I think the best reason why you should want to reach out. And I, again, I know I'm biased. But I truly believe that everybody should do some kind of I don't know if I want to call it therapy, but therapy, whether that be some counseling, or actual therapy, or sports Psych Services, or mental performance coaching. Because what it does is, the real basics of it, when you strip everything away is it's training your mind. And that's something that I think a lot of us don't actually realize about psychology or those kinds of services is that we spend a lot of our days training our bodies, especially if you're an athlete of any kind, that doesn't mean you have to be some Olympic champion. It could be you know, you're on your like, friends dodgeball team or something, whatever it may be, if you're an athlete, you spend a lot of time training your body, a lot like ours, right? There are most gymnasts are out there training 28 hours a week. And that's a lot on your body. And what happens is, a lot of us don't actively train our minds. And that could be in your job, too, right? You are, in any kind of career, you are probably being pulled a lot of different ways. There's a lot of stress involved, there's a lot of pressure involved. And we're really seeing a crazy time where work life balance has become a very difficult thing to do. Because now we have email on our phones, and we have texts and calls and it's become increasingly difficult to leave work, and leave work, if you know what I mean, right? Like not pull it with us, especially with the pandemic, like that's one of the most incredible things that we got out of it was this remote work. But it's also a little bit of a double ended sword, where also, I mean, I know I do it, I am doing my work. And then all of a sudden, I'm checking my phone for my emails, and then dadada and you end up doing a lot more work than maybe you would have done even just going into the office. So I think it's a real balance. And that is a lot of what we do, too, is working with people and how to balance their lives and how to stay resilient and how to kind of minimize stress in our lives. Because that is something else that has increased dramatically over time in general, but again, with a pandemic, kind of in a lot of the unemployment rates and stress with jobs and being sick and having to take time off work and all the good stuff that's kind of come with us in the last few years, has just increased stress so much that actually recently I saw a figure that 90% of general practice doctor's visits have something to do with stress, which is terrifying. It makes sense but it's terrifying because what they've found is actually A stress over time, right? So little kind of increments of stress they day by day really elevates your cortisol. And what that does significant, elevated levels of cortisol has been linked to pretty much every horrific disease out there, cancer, obesity, diabetes, coronary diseases. And so really, what we're doing is we're killing ourselves a stress. And, again, a lot of what I do is training people and helping people to become more resilient. And a lot of that is through gratitude, through mindfulness. And that, in turn, tends to eliminate or minimize stress significantly. So it really is just making your life better. That's pretty much it.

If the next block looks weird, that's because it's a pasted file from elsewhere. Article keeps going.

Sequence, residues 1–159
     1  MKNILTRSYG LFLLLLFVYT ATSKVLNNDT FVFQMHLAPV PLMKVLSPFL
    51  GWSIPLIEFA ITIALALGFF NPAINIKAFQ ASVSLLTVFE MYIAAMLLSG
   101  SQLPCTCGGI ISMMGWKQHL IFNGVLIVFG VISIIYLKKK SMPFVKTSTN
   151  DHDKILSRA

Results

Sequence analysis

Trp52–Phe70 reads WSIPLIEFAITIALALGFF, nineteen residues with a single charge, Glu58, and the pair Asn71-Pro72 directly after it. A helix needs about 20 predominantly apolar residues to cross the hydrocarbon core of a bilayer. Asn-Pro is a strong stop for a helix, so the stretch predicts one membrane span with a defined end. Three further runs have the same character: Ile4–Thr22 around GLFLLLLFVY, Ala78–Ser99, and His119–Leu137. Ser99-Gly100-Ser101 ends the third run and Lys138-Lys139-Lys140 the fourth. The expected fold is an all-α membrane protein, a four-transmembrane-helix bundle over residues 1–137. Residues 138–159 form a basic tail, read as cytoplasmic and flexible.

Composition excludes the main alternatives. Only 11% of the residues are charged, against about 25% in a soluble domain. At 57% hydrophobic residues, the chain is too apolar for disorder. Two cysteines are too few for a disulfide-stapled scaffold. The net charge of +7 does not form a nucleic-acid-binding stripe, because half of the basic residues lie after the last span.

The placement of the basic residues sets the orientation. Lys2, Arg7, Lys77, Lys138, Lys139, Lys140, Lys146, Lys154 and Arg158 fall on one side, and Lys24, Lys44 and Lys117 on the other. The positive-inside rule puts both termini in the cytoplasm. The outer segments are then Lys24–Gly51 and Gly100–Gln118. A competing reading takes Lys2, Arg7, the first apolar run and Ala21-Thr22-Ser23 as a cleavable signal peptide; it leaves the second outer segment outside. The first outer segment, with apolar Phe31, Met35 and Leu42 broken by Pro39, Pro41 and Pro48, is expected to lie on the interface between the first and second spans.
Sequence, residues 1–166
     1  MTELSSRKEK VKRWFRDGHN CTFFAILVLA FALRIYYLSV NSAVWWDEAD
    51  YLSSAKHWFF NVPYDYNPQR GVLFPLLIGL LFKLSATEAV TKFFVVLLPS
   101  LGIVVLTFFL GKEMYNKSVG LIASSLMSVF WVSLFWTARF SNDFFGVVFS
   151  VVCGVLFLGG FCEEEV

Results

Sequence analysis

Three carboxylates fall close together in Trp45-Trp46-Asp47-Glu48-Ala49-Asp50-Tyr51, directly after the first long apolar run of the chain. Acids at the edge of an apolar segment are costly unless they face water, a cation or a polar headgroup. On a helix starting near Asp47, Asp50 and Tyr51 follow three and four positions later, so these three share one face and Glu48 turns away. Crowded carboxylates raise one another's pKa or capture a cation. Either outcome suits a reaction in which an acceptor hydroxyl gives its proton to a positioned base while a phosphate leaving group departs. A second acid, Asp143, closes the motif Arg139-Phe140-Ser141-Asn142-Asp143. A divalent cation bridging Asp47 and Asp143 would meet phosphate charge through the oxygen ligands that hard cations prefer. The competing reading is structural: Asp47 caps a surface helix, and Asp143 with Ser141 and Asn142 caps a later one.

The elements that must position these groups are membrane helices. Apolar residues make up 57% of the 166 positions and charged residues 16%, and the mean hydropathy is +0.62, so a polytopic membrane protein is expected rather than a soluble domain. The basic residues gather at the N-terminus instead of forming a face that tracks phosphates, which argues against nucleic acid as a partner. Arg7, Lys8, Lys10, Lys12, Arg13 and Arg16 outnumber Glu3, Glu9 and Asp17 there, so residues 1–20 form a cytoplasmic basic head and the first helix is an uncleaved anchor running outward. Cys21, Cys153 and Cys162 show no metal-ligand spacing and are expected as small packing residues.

Nick Sanders 21:00
Yeah, I get that. You know, we're in the in the physical therapy world. Like, that's what we do day to day. But a lot of what we do is deal with psychological problems. Because to your point, when cortisol is up, inflammation goes up, and you can't, your immune system is not functioning, and you can't get into that rest, parasympathetic rest mode, and the body doesn't feel like it's supposed to, right. So it turns into pains, you know, guarding intention and tone and all those postural things that come with kind of being in flight mode. So that's, that's my interest in Psych. And I think our challenge has been I don't know that we have a great whether it's an understanding or being able to refer to the right people. I don't know if our client, I think we, our clients have struggled with the psychology side of getting out of that stress state. Yes. I don't know if that's just general education like, or the world we're in, or that we don't have the professionals to handle it. That's, that's been a challenge for us, as a clinic is helping those people that are just in that constant fight or flight mode.
Unknown Speaker 22:11